. . . I was puzzled and repelled by the stratospheric elevation in the critical canon given to John Ashbery in recent decades. “Self-Portrait in a Convex Mirror” (1974), Ashbery’s most famous poem, is a florid exercise in strained significance that could and should have been compressed and radically reduced by two-thirds. Can there be any wonder that poetry has lost the cultural status it once enjoyed in the United States when an ingrown, overwrought, and pseudo-philosophical style such as Ashbery’s is so universally praised and promoted?

Given my distaste for Ashbery’s affectations, it would come as no surprise how much I detest the precious grandiloquence of marquee poets like Jorie Graham, who mirrors back to elite academics their own pedantic preoccupations and inflated sense of self. That Graham, with her fey locutions and tedious self-interrogations, is considered a “difficult” or intellectual poet is simply preposterous. Anointing by the Ivy League, of course, may be the kiss of death: Nobel Prize winner Seamus Heaney, another academic star, enjoys an exaggerated reputation for energetically well-crafted but middling poems that strike me as second- or third-hand Yeats. As for the so-called language poets, with their postmodernist game-playing, they are co-conspirators in the murder and marginalization of poetry in the United States.

She's tough. But I have to admit I agree with most of what she has to say.

Saturday, November 08, 2008

I am about to head to Nashville for a medical conference. I've never been there before. Maybe I'll visit some Elvis sites?


Hopefully I can get some of my own writing done in the evenings. I'd love to be able to finish the Expedition series. At least final first drafts for everything.


Got my "unfortunately, your application was not" letter from the NEA yesterday. I am not too bummed. Try again in two years. Does anyone know any of the 42 who *were* chosen? Just curious . . .


Friday, November 07, 2008

Obama-Palin 2012?

Imagine taking our politics to a daring new, more "entertaining" level. Instead of debates . . . let's have a dance-off:

Wednesday, November 05, 2008

What an election!
Dean and I are both exhausted -- happy, but exhausted. We stayed up late last night watching results, then had to go to work early this morning. It was a busy day in clinic for me, but easier because patients were happy, ecstatic, thrilled. The fact that Obama had won made all of their problems -- the back pain, the depression, the diabetes, the broken leg -- a bit easier to cope with, a bit more hopeful. My favorite visit of the day was a Somali family: the mom all dressed in burka/veil and corralling her three kids into the exam room. The youngest was just 4 mos old and there for a Well Child Check, and the oldest was a 4 yr old boy who gave me a high five and said with a big toothy smile: "Obama!"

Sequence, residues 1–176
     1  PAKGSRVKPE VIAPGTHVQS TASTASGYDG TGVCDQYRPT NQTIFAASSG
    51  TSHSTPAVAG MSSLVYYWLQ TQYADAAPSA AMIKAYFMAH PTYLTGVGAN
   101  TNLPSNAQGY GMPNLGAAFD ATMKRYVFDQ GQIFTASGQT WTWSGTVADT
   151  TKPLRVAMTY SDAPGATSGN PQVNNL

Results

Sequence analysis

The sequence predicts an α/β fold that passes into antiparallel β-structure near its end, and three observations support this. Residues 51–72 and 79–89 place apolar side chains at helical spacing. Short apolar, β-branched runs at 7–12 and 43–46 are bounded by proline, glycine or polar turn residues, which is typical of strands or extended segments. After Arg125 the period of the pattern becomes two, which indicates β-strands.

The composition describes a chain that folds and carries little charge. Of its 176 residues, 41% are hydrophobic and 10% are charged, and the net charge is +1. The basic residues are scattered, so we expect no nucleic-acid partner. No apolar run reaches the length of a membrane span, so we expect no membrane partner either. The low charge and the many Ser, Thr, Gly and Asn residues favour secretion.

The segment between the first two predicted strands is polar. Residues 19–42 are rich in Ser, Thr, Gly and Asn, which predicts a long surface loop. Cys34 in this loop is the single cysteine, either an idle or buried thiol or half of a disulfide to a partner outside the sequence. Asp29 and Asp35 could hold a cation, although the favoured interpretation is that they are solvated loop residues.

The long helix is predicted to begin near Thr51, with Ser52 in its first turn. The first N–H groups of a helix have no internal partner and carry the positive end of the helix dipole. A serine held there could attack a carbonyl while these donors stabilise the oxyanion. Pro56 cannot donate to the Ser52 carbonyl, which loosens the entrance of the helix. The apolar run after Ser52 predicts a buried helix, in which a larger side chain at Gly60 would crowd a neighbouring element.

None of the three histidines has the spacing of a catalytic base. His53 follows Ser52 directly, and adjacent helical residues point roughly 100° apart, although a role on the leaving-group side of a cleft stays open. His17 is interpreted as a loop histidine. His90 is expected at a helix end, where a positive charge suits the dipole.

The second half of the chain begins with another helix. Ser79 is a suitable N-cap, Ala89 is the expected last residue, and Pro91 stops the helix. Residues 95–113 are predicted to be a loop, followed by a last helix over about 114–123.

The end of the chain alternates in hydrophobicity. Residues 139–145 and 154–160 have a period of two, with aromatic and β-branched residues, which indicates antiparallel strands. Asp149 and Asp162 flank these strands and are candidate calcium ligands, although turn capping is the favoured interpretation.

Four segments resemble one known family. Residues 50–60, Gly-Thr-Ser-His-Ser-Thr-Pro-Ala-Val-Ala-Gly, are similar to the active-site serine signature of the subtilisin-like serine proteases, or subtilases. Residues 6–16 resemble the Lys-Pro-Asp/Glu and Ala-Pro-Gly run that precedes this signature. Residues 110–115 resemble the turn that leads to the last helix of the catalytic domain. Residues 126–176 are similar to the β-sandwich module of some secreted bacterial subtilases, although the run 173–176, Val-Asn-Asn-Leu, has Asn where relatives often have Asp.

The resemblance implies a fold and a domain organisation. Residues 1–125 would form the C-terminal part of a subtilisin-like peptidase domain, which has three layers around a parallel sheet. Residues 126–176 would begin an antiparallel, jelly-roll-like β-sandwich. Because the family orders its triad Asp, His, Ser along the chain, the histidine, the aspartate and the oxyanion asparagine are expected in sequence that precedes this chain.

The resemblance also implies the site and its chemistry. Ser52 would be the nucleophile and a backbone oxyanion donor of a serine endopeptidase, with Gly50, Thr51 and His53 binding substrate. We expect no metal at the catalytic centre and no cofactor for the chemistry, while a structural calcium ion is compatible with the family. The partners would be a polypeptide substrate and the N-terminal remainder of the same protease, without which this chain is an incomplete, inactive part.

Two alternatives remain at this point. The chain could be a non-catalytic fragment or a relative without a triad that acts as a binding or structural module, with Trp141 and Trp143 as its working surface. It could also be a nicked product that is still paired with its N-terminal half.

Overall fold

I am so bummed out about Prop 8 in California. And the initiatives in AZ and FLA. What is going on with the world. How can people on the one hand be voting in the most dynamic and forward thinking president in a generation, and on the other hand be voting the most backward hateful, discrimination? It boggles the mind. It simply boggles the mind. And makes me feel so sad. And socked in the gut.


Saturday, November 01, 2008

Poetry, Language, and Propositions

The sort of truth that is effected in poetry and literature is not reducible to the register of truth that is captured in propositions and syllogisms. Poetry does something different than an argument; but that doesn't mean it isn't "true." Only a kind of propositional imperialism would reduce truth to the mode of assertion. . . . With this in mind, see poem below:


Anything Warm

Anything warm is warm.
Anything red has something to say.
Anything that drifts also smudges,
like secrets. That intense.
Anything loose is a message,
endless, and endlessly enticing.
Anything narrow gets there first.
Especially anger. Anything watery
pleads, though the story stays
buried under its layers, obscuring
whatever it is we've done
to deserve this. In the eternal life
of regret, Sunday looks back.
Monday is certainty,
with a mystery inside out.
Anything two days in a row
sings the same song I do
without repeating the first verse.
Because there is no return.
That seems dramatic, but likely.
Just look at the waves,
all moving in one direction.
It made Noah crazy!
Another day — hell, another
hour — he'd be ready
to wring that dove's neck.
What right did she have
to exhaustion, to twittery musings?
One declarative sentence
would be a relief.

--Wendy Mnookin

from The Moon Makes Its Own Plea
BOA Editions

Thursday, October 30, 2008

From the Huffington Post:

The most cringe-worthy political moment of the day, so far, came when Sen. John McCain called out for his new buddy Joe the Plumber to stand up at a rally in Ohio, only to be greeted with confused silence. Joe the Plumber wasn't there.